Another fast-growing plant, radishes, can be planted and harvested within a month and are great for salads and snacks. The downside (if you want to call it such) is that they grow quickly and spread out just as fast, so make sure to harvest early to avoid crowding inside your tower garden. For the best flavor, plant your radishes in the late spring or early fall, as they are generally considered to be cool-weather plants.
8. Watermelon (and all types of melons)
Melons thrive in tower gardens, provided you keep them consistently–if not overwatered. Watermelons are the perfect summertime crop, however, and well worth the extra aqua. Like gourds, they are best planted towards the bottom of your tower, and be prepared to construct some extra support if necessary!
This is more of a worthy experiment than a surefire bet, as it’s true that root vegetables aren’t usually compatible with tower gardens. However, small tubers are a rare exception, with Atlas carrots, in particular, a suitable variety for tower gardening. While they won’t grow as big as store-bought or traditional garden-grown carrots, it’s still important to harvest them before their ends grow too far into the soil and potentially damage your tower structure.
10. Brussels sprouts
Packed with a day’s worth of essential vitamins C and K in one serving, this hearty comfort food takes a little longer to reach harvest–up to three months–but is worth the wait. Because their leaves can fan out and block other plants from getting crucial light, it’s recommended that you grow Brussels sprouts at the bottom of your tower garden.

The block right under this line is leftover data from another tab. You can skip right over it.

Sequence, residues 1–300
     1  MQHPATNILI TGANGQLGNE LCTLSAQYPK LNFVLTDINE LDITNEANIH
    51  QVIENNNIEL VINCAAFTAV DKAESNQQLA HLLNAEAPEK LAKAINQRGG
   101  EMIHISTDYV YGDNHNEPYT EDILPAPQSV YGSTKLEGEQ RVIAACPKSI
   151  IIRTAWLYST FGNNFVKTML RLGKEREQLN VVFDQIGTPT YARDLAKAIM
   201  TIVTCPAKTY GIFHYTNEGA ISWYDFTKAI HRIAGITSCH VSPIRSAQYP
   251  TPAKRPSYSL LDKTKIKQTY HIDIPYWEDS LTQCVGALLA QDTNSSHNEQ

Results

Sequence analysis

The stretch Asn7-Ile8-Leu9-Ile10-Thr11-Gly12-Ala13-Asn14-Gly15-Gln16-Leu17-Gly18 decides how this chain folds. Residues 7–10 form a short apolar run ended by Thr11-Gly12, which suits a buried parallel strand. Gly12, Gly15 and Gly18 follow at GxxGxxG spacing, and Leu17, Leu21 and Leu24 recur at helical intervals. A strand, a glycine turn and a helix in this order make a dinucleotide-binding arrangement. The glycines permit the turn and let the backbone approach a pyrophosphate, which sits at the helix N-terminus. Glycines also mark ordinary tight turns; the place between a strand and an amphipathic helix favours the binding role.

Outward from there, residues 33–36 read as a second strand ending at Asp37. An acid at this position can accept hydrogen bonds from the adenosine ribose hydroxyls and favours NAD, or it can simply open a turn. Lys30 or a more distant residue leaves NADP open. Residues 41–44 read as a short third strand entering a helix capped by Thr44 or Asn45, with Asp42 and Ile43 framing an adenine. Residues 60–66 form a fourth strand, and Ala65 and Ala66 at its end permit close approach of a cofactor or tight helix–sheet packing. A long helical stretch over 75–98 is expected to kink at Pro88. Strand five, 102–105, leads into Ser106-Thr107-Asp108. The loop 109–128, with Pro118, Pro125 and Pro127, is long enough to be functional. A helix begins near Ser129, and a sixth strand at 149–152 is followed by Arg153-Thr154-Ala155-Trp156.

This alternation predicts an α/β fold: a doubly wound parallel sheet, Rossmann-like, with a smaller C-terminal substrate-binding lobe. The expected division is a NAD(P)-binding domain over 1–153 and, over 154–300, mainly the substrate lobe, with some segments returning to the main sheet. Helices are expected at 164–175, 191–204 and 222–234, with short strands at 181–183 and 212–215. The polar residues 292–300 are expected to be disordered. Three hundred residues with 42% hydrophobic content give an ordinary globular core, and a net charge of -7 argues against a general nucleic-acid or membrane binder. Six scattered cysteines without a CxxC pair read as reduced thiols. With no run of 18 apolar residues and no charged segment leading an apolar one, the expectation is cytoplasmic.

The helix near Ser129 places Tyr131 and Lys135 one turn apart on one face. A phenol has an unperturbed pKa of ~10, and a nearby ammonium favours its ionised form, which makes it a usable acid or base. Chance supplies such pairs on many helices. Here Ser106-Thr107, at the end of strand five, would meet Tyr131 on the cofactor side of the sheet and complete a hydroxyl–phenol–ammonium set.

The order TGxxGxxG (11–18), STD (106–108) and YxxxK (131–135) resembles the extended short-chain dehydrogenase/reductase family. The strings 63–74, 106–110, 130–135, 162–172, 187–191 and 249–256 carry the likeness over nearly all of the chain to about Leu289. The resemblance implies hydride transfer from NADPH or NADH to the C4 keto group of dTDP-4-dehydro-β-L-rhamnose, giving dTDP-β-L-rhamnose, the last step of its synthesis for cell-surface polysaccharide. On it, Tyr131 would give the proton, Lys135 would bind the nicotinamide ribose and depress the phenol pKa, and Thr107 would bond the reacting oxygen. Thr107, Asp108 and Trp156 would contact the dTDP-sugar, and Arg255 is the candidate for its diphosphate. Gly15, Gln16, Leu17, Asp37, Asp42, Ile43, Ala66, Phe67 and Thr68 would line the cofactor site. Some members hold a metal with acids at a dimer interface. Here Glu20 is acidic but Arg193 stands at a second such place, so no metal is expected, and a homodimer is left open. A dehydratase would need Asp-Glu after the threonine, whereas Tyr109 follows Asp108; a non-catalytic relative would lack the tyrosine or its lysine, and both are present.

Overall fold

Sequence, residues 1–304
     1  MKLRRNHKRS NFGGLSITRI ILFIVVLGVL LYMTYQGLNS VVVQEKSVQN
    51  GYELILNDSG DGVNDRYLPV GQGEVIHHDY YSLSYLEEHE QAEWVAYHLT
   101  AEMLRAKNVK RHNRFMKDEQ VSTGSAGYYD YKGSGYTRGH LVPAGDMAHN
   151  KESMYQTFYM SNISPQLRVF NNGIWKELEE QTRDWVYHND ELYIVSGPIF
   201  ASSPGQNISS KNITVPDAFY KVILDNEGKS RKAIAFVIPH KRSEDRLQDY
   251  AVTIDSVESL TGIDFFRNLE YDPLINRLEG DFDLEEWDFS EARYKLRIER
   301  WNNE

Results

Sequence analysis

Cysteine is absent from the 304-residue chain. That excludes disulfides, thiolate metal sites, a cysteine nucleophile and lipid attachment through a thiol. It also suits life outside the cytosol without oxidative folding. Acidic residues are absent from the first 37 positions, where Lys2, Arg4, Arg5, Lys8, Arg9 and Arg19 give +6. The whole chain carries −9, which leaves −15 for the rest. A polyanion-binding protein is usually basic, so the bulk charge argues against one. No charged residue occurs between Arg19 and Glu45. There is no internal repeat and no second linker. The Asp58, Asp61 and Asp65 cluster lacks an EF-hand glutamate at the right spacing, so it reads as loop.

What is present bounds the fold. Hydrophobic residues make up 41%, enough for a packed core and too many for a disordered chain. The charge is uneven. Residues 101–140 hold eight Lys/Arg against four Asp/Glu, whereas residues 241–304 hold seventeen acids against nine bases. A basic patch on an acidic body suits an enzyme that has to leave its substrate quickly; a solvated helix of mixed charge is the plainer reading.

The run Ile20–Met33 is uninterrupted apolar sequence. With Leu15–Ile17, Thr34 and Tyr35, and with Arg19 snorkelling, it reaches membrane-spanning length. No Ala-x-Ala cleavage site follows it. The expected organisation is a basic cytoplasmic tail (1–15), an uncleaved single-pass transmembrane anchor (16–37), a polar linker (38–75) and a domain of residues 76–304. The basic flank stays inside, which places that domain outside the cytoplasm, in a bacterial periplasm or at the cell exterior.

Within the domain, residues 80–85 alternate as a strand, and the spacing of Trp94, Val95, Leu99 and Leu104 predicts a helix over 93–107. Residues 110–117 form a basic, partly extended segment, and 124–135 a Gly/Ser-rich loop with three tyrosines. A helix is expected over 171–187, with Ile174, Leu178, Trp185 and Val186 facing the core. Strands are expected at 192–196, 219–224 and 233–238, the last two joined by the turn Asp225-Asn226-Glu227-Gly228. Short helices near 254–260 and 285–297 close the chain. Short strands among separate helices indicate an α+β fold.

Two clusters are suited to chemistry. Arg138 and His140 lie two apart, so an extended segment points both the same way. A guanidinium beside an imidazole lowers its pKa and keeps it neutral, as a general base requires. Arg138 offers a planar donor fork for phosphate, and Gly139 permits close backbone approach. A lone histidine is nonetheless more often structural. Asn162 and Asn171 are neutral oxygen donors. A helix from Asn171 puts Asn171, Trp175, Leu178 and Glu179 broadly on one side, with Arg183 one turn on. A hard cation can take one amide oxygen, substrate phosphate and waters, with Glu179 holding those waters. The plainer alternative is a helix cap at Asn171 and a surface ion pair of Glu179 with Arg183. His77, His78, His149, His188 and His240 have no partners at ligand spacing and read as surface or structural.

Fruiting vegetables such as bell peppers and chili peppers grow extremely well in tower gardens–so much so that you may need an additional grow cage to support the overabundance. Because of their size and weight, it’s best to grow your peppers towards the middle or bottom of your tower garden to avoid crushing other plants or casting shade.
If you have the patience to wait for these delicious beauties to bloom, your tower garden will be a feast for the eyes and palate. Aeroponically grown strawberries are notably sweeter and juicier than store-bought varieties, and their colorful vertical climb makes for a truly impressive visual.
Experiment with Your Tower Garden!
Tower gardens can provide you with an assortment of delicious fruits, vegetables, and herbs year-round and are suitable for all spaces and climates. Unlike traditional gardens, which require more energy, water, and growing space, tower gardens are eco-efficient and less messy.
When selecting the plant varieties you’d like to grow in your tower garden, keep in mind that leafy greens like spinach and lettuce, fruiting vegetables such as peppers, cruciferous veggies like Brussels sprouts, and various herbs and edible flowers all grow exceptionally well in the aeroponic environment.
Don’t be afraid to experiment with different varieties and even harder-to-grow plants, as you never know what you might wake up to!